I am thinking a 100/120mm (4inch) diameter objective telescope will give reasonable views of many objects, planets and brighter deepsky. Also, these days you have a choice of alt-az mountings, from simple push-to hand driven, to sophisticated computerised tracking mounts, even some that will use your mobile phone to find targets.

As for purchase I strongly suggest you buy from a bona-fide, well established astro-dealer. That way if you get problems, you will almost certainly have support available from them. As you are in the US, I suggest you have a look at the Orion Telescopes site at:

https://www.telescope.com/

or the Celestron website at:

https://www.celestron.com/ will list their dealers in the US


I will now don my steel helmet and wait for others to join in this thread :)

Regards
Brian
52.3N 0.6W
Wellingborough UK.

254mm LX90 on Superwedge, WO ZS66SD, Helios 102mm f5 on EQ1, Hunter 11x80, Pentax 10x50
ASI120MC Toucam Pros 740k/840k/900nc mono, Pentax K110D
Ro-Ro roof shed
RMSteele
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Joined: Thu Jun 02, 2016 11:32 am
Location: New Farnley, Leeds lat 53.8N long 1.6W
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Re: alignment difficulty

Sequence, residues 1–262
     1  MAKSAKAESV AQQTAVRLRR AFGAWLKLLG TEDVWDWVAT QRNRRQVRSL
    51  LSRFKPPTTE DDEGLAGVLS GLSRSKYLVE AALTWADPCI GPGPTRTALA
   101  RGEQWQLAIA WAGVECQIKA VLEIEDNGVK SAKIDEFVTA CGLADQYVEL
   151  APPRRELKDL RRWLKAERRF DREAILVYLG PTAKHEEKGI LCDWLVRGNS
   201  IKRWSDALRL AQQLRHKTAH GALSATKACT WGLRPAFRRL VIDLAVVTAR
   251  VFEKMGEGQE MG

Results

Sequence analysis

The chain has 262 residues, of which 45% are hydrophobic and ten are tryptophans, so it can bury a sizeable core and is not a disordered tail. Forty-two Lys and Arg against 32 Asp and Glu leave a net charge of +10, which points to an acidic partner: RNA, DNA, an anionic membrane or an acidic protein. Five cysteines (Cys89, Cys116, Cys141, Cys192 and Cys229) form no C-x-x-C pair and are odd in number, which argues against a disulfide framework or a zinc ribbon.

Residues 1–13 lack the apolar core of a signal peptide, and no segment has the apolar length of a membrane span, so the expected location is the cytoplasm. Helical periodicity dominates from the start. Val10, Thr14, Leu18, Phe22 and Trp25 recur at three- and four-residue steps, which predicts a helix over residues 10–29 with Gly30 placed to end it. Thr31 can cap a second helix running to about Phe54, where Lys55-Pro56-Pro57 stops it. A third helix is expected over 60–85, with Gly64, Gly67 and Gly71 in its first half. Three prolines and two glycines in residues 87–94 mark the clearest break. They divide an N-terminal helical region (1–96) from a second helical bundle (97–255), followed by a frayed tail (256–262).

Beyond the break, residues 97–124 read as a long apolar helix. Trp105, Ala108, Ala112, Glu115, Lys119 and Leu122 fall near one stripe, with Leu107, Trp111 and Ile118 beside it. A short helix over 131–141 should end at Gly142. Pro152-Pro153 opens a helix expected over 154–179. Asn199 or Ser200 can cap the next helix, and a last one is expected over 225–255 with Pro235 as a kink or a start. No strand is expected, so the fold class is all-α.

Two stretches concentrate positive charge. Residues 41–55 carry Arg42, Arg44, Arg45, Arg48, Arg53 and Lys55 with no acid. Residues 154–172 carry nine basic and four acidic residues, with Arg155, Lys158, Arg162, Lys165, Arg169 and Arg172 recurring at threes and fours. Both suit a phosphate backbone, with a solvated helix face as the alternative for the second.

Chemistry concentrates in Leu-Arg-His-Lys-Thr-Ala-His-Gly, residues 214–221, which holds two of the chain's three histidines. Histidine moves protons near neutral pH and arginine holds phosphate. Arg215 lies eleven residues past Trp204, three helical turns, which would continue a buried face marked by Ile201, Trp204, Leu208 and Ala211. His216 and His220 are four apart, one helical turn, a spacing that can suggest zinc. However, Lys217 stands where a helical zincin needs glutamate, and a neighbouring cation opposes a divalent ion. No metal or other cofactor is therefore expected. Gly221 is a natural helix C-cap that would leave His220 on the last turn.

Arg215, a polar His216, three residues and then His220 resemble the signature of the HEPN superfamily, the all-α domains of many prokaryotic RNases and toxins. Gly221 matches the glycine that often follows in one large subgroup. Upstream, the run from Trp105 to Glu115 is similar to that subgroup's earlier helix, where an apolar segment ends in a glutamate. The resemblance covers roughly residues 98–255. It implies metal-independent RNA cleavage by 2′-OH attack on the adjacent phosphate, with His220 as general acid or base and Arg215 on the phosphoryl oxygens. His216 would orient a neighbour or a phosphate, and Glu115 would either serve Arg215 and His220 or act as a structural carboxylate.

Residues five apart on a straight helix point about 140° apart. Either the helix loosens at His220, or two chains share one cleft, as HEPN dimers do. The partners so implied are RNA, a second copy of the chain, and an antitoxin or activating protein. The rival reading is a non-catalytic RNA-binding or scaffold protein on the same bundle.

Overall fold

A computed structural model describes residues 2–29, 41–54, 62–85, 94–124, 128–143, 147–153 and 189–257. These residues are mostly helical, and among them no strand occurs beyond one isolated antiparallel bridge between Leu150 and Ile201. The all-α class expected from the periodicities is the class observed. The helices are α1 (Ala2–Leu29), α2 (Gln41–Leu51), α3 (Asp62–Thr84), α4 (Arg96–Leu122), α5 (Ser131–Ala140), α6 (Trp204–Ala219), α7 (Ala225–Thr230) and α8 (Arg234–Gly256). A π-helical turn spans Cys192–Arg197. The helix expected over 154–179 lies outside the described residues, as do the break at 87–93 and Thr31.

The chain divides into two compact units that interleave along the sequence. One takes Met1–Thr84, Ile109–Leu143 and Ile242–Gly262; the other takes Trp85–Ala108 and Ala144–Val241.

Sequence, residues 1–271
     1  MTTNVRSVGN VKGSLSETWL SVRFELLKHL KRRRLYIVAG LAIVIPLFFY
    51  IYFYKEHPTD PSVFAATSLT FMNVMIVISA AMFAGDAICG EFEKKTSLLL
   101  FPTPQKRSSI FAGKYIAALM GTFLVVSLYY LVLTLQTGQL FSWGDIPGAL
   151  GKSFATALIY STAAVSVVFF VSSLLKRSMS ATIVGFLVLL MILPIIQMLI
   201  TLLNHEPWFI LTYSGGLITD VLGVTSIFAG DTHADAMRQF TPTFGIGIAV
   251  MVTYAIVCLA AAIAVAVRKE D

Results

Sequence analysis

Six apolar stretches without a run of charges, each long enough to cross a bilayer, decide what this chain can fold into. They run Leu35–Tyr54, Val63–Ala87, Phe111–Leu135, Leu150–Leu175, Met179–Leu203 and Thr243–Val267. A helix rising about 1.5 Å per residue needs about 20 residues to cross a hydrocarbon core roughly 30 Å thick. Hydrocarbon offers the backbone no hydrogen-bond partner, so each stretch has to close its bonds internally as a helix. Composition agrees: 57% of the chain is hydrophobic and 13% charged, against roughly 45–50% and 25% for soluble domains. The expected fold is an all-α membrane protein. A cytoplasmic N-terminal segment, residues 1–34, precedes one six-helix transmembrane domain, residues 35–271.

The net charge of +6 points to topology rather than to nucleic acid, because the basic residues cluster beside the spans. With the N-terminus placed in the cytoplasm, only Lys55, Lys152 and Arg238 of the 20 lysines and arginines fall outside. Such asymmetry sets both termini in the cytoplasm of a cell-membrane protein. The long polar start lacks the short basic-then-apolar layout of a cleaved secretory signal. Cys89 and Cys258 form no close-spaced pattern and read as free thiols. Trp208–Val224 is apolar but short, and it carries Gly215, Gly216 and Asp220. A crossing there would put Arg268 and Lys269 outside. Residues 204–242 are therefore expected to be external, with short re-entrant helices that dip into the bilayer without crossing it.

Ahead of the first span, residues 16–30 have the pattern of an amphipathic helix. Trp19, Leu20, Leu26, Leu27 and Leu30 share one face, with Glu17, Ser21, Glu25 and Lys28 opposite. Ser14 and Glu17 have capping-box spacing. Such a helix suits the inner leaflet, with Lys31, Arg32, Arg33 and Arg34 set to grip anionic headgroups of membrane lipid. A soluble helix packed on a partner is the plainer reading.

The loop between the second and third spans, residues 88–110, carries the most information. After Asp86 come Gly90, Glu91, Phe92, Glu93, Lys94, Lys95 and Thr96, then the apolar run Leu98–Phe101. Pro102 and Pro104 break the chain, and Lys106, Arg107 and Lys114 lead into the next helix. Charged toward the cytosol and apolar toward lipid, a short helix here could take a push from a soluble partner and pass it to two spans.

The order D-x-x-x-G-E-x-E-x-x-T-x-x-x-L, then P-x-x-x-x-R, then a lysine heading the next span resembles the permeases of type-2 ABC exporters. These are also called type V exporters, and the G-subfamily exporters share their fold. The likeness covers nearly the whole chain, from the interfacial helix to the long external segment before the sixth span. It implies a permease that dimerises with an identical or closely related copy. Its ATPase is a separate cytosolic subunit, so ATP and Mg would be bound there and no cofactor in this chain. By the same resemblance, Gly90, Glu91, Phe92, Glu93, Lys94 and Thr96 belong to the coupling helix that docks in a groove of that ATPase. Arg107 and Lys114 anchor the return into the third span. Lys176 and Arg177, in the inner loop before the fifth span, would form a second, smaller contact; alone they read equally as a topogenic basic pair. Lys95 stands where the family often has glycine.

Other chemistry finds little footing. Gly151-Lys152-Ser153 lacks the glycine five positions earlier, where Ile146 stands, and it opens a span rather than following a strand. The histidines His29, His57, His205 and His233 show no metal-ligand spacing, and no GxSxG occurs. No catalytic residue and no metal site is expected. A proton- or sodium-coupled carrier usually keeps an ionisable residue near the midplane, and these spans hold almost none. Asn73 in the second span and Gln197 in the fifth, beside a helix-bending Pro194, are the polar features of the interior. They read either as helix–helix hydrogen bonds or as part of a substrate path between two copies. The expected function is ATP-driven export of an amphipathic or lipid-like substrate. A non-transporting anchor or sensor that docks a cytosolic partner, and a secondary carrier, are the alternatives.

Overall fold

Post by RMSteele »

Actually Brian, I agree. I notice the Orion site advertise a 90mm refractor of 910mm focal length. IF, it is identical with the excellent Skywatcher version it will have a lens cap that has a removable 60mm central aperture that converts it to a 60mm f15 instrument - ideal for double stars and for projecting the Sun (without overheating a 15mm plossl eyepiece that has a reasonably wide open - plastic these days - field stop). The only downside to their reasonably priced 90mm refractor is that it appears to come with a "budget" aluminium tripod and a slim equatorial head. Still, it's a versatile, lightweight scope and would leave enough left in the kitty for a decent x2 barlow lens and a diagonal and some other bits and pieces. Bob
Last edited by RMSteele on Wed Oct 07, 2020 12:35 pm, edited 1 time in total.
RMSteele
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Joined: Thu Jun 02, 2016 11:32 am
Location: New Farnley, Leeds lat 53.8N long 1.6W
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Re: alignment difficulty

Post by RMSteele »

And.... in case anyone suspects me of mixed messages here, I should add that my earlier advice to Kay about NOT observing the Sun at present has not changed. Bob